Editor’s note: George Stern, a college student and brilliant wordsmith who is deafblind, shares the lasting impact of contributing to his family as a child.
1: Through the Window, Softly
So, what would’ve happened was: my mum, Ms. Norma, or Ms. Marie, or some other Ms. in our constellation of neighbors would’ve locked herself out of her apartment. Simultaneously, the power would have gone out because of course it would; Murphy’s Law: anything that can go wrong, will go wrong.
Then there’d be a gathering, a colloquy, a plotting, and planning, at the end of all of which a screen would be pried off, an unsecured window levered up, and I’d scramble through into familiar darkness to unlock the door from within.
In retrospect, I don’t remember there an explicit why for me being the one to go in. It might have been because we were in the early nineties, and dignified Black ladies just did not go clambering through windows, tearing up their good stockings. Or maybe it was the bone-deep aversion many sighted people have to navigate even familiar spaces in unexpected darkness. (This was before cordless phones, let alone smartphones with built-in flashlights.) Personally, I think some ancient, communal mother wit was at work, whispering to all those women that every child needs a mission, a moment, a memory of having been their community’s hero or shero or theyro.
2: Into the Wheelbarrow, Dangerously
** Thirteen years later** I stood in the bed of my dad’s pickup truck, flushed with the effort of making holding a 75-pound bag of gravel steady seem effortless. Flushed, too, with pleasure at being invited to work alongside my old man for the first time in forever; he’d been so often gone, long-haul trucking, and I’d retreated deep into a world of NLS audiobooks and daydreams. Unloading a truck together felt like a veritable reunion. A short-lived one, as it turned out.
I was so excited, so hyped to show my competence and strength, I heave-hurled the bag out of the truck before my aunt Mava was quite set with the wheelbarrow to receive it. The wheelbarrow did what any self-respecting wheelbarrow would do when too much weight lands precipitously on one end: flipped like an overworked seesaw, narrowly missing Auntie’s ducking head. I was dismissed from the job site after that, retreating back into my books and daydreams, feeling more acutely like an inconsequential ghost: detached, irrelevant, immaterial.
3: Whispers in The Onion Palace of Memory
People who perform amazing feats of memorization talk about building memory palaces that they “walk” through, squirreling away or retrieving information at will.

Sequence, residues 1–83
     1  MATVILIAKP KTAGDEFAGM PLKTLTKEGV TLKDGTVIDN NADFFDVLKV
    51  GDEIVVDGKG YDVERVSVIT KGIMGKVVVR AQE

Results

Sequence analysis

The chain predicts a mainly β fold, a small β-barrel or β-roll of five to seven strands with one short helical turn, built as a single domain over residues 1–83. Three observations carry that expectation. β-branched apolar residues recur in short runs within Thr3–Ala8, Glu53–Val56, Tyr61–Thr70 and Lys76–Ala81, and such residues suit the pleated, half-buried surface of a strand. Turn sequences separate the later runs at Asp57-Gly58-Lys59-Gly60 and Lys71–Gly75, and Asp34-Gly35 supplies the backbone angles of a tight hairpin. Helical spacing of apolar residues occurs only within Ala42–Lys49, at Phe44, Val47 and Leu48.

My palace is an onion – multilayered, sharp, delicious when caramelized – and it’s haunted: full of things that jump out and say “boo!” when I look for a specific memory. Like, when I recalled being a benevolent burglar and went chasing the joy, the pride, the thrill of it to share with you. A ghostly crowd of careers past mobbed me, whisper-screaming for their own slice of immortality through writing: “Us, too, remember us, too!”
And so …
– My Career as a Terrific Table Washer
– My Career as A Debonair Door Holder
– My Career as a Scarily Accurate Human Scale
– My Career as A Delicious Drink Maker
– My Career as a Guide Dog Advice Guru
– My Career as a Soothing Soundtrack
– My Career as The Cake/Cookie/Muffin Man
– My Career as a Conditioning Coach
– My Career as An Access Agitator
– My Career as The Announcer of Auras …
Have you noticed a pattern?
The true value of these “careers” and all the others I could have mentioned isn’t in their monetary earning power but rather in their social impact: the humanizing, existence-affirming ripple effect of mutual acknowledgment that comes from contributing to the life and lives around us, from making even the tiniest positive difference.
4: Participation Is the Trophy
I am reminded of a middle-aged, possibly-autistic Swedish lady who exists only in a book. She walks out on her cheating husband and lands a job – her first in forty years – as a soccer coach for a small-town youth team. She’s motivated a lot by an incredible capacity for love – and also by the determination that the world should know and acknowledge: “Brit-Marie Was Here!” That’s the title of the book, written by Fredrik Bachman, which I highly recommend.
Anyway, Brit-Marie is my hero because she fights the fight that many other people with disabilities and I find ourselves fighting: against a society deeply skeptical of our capacity to contribute meaningfully to the world around us, except maybe a bit of sunbeamy inspiration through the miracle of our improbable existence. Our different bodies and different ways of being, doing, and thinking are reduced to collections of “special needs,” discussed endlessly in terms of the resources we take: space, money, time, personnel, and equipment. What gets lost in this lopsided narrative of taking? Reality, that’s what.
When I see how many of my fellow people with disabilities flock to the resource-sharing, community-building elements of social media; when I hear about a friend with a disability and full-time job throwing themselves joyously into another volunteer project; when my mood lifts because I’ve held a door for someone, and they’ve thanked me, and I’ve smiled “You’re welcome,” – when I witness all these things and more, I see a people driven, desperate to give, and we give of our entire, multifaceted selves. So, you see, it’s not a participation trophy we’re after when we agitate and advocate for access; it’s the trophy of participation.